I now can, as I’ve installed one and removed another. Yesterday was an interesting work day, if you find frustration interesting.
I’ve been with the same company for 12 years come this June. It’s a very small, quirky company (as Ellie knows; she’s worked here during several of her San Diego visits). There are only 6 of us here in the office, 1 of whom only comes into the office 3 days a week. There are also 2 employees who work remotely, 1 from Michigan, 1 from South Carolina. They too, like me, joined the team back in 1997, and for their loyalty and thorough knowledge of the company's business practices they’ve managed to move where they want to and still keep their jobs.
The big rub, however, is that 1 of these remote colleagues is the IT guy. Yes, he’s in charge of the software, the hardware, and the networking. And he’s in Michigan. That’s three time zones away. Make sense? No. Not at all. It’s a terrible setup, especially when your computer is dying, as mine is.
Today’s plan was simple enough though. I was to take an extra computer from the back office, he would help me configure it so that I could access my files and programs, and I would package up and ship my poor sick machine to him for repairs.
But here’s what actually happened. I unplugged my machine, got computer 1 from the back office, and plugged that baby up. It would not connect to the network, in fact, no network option displayed at all; it was surmised that the network card must be faulty. Okay, so unplug that machine and try back office computer 2.
Back office computer 2, however, is ancient, and is displaying a domain that we’ve not used since the early 2000s. I couldn’t even log into that machine. Back to back office computer 1.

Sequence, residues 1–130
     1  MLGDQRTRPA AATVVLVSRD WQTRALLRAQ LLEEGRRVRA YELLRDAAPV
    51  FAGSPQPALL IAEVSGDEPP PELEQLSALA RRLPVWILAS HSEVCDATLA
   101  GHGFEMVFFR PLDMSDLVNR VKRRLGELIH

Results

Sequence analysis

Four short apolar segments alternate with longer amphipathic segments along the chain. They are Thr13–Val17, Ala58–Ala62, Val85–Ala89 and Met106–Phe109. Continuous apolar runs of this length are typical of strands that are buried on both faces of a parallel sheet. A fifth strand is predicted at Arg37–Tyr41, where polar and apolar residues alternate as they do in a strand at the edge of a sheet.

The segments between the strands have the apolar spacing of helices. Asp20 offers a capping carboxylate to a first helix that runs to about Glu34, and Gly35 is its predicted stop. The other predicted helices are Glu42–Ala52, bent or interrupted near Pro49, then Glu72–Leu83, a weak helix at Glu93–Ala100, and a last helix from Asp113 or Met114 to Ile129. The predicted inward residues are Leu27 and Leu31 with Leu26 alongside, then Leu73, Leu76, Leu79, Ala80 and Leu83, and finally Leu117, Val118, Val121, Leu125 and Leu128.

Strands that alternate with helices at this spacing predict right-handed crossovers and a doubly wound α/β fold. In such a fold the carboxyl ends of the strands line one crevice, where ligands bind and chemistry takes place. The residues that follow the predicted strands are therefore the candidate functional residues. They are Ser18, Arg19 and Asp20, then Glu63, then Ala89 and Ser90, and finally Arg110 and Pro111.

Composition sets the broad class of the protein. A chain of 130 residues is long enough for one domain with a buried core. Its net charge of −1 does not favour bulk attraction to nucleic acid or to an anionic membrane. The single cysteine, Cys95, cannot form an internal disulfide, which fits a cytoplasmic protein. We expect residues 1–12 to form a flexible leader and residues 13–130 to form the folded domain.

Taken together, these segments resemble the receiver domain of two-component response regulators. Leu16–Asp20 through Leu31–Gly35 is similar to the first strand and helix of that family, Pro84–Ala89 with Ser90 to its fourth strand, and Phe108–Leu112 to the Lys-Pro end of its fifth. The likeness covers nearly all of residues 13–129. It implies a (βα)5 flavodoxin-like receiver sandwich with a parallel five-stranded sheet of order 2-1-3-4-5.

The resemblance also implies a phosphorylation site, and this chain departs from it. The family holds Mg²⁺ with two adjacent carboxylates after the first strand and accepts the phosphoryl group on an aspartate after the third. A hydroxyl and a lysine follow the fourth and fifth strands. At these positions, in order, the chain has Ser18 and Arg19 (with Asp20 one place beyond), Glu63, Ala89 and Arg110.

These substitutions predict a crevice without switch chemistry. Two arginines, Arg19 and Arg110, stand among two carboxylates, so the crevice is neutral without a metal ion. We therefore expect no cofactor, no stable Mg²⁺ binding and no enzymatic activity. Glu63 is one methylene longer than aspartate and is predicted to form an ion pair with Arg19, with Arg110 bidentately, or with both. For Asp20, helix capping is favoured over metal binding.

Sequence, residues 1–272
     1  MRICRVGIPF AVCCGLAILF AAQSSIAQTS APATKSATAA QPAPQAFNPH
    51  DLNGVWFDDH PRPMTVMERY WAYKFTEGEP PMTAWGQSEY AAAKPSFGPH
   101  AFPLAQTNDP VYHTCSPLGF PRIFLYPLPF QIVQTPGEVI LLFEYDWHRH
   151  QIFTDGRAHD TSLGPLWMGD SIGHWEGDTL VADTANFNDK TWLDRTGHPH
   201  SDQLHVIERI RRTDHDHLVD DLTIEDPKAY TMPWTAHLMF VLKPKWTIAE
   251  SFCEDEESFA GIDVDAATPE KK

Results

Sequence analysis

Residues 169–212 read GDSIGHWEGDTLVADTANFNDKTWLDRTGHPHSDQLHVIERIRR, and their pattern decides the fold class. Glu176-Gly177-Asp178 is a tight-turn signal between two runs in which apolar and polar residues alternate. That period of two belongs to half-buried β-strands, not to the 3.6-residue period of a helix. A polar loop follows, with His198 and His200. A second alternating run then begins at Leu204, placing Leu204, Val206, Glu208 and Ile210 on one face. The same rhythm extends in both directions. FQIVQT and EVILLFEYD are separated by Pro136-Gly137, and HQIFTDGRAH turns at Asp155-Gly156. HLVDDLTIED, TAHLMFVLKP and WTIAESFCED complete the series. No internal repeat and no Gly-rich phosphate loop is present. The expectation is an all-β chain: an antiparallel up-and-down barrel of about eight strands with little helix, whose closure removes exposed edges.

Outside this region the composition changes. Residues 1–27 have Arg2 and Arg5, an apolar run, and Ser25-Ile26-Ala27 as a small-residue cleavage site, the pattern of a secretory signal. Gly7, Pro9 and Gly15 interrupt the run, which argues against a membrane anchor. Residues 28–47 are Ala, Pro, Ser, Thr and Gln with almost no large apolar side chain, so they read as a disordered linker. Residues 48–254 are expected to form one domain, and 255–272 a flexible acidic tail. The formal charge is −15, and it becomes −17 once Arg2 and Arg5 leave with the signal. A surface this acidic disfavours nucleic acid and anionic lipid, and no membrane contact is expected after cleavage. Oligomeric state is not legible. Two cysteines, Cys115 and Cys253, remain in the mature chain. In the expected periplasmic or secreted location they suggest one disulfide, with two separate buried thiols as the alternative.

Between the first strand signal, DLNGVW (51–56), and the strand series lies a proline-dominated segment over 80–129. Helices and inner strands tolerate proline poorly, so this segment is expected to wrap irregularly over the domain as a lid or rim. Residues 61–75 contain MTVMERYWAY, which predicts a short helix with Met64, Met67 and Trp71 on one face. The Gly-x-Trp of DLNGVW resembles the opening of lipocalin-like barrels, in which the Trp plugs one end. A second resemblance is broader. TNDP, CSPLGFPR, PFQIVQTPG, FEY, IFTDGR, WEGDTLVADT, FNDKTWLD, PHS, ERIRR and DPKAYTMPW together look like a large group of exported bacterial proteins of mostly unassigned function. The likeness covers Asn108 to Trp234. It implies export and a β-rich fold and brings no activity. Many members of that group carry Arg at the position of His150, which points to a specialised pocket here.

But in order to move forward with back office computer 1, we're going to need a new network card. Bryan, the far distant IT guru, thinks there's one up in our storage office. Okay, I'll run up and get it. But wait, what the hell does a network card look like anyway?
"You know, like a network card. It's green with gold and has a metal bracket at the end," explains Bryan.
"Oh yeah, one of those," I reply.
He thinks he knows just where they are, so I go hunt it down. I find two pieces of hardware matching his description so grab them both.
"Do you have the tool kit?" he inquires.
"Ah yes, the tool kit. Let me hunt that down." I say.
I find it. I open it.
I unscrew the PC's cover; I slide it off. I locate the current non-functioning network card. However there's an empty slot above it, so my instructions are to leave the nonfunctioning network card, but to add the new one in this extra space.
Here's what I attempt to add:
It's green and gold, and has a metal bracket on the end.
I fiddle, I jiggle, I angle it in myriad directions. It does not seem to fit. Finally I realize that this is NOT actually a network card. It's something else (although I still don't know what). I rip open the box that does contain a new network card. (It says so right on the box!)
Hey, this beauty slides right in!
Do you see it? The old network card is the bottom green thing, and the new one, installed by ME, is right above. Nice work, eh?
So I replug everything and boot up the machine. Still no sign of a functioning network card. Wtf?
My new instructions are to unplug everything, again, then hoist that tower back up on my desk, and then remove the old network card, so that just the new one remains.
I do this. I replug. I reboot.
Bryan is now out of ideas and tells me to go back to using my original computer. It's 2.5 hours later and we're back to where we started. Hooray! I unplug, replug, reboot. I (sadly) feel grateful to be using my dying machine.
I get an email from Bryan a little while later that starts out with, "I wish I was there to troubleshoot this more, but…"
Me too, Bryan, me too.